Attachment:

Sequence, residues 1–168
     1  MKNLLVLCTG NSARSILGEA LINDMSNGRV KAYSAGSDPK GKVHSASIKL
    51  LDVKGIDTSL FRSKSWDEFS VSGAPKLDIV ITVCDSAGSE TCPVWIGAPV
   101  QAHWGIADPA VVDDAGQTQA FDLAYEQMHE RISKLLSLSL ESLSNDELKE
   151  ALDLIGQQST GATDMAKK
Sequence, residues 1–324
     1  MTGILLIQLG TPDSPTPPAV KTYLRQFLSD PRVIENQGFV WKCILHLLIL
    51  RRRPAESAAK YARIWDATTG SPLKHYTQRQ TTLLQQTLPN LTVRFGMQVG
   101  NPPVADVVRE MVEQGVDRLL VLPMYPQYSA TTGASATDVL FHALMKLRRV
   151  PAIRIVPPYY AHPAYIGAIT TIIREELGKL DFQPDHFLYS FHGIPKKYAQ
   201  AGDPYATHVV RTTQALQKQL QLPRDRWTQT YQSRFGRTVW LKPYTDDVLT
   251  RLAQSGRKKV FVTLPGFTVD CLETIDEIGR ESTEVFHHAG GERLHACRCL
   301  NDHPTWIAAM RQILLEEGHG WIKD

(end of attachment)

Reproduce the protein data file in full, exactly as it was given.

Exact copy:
Sequence, residues 1–168
     1  MKNLLVLCTG NSARSILGEA LINDMSNGRV KAYSAGSDPK GKVHSASIKL
    51  LDVKGIDTSL FRSKSWDEFS VSGAPKLDIV ITVCDSAGSE TCPVWIGAPV
   101  QAHWGIADPA VVDDAGQTQA FDLAYEQMHE RISKLLSLSL ESLSNDELKE
   151  ALDLIGQQST GATDMAKK
Sequence, residues 1–324
     1  MTGILLIQLG TPDSPTPPAV KTYLRQFLSD PRVIENQGFV WKCILHLLIL
    51  RRRPAESAAK YARIWDATTG SPLKHYTQRQ TTLLQQTLPN LTVRFGMQVG
   101  NPPVADVVRE MVEQGVDRLL VLPMYPQYSA TTGASATDVL FHALMKLRRV
   151  PAIRIVPPYY AHPAYIGAIT TIIREELGKL DFQPDHFLYS FHGIPKKYAQ
   201  AGDPYATHVV RTTQALQKQL QLPRDRWTQT YQSRFGRTVW LKPYTDDVLT
   251  RLAQSGRKKV FVTLPGFTVD CLETIDEIGR ESTEVFHHAG GERLHACRCL
   301  NDHPTWIAAM RQILLEEGHG WIKD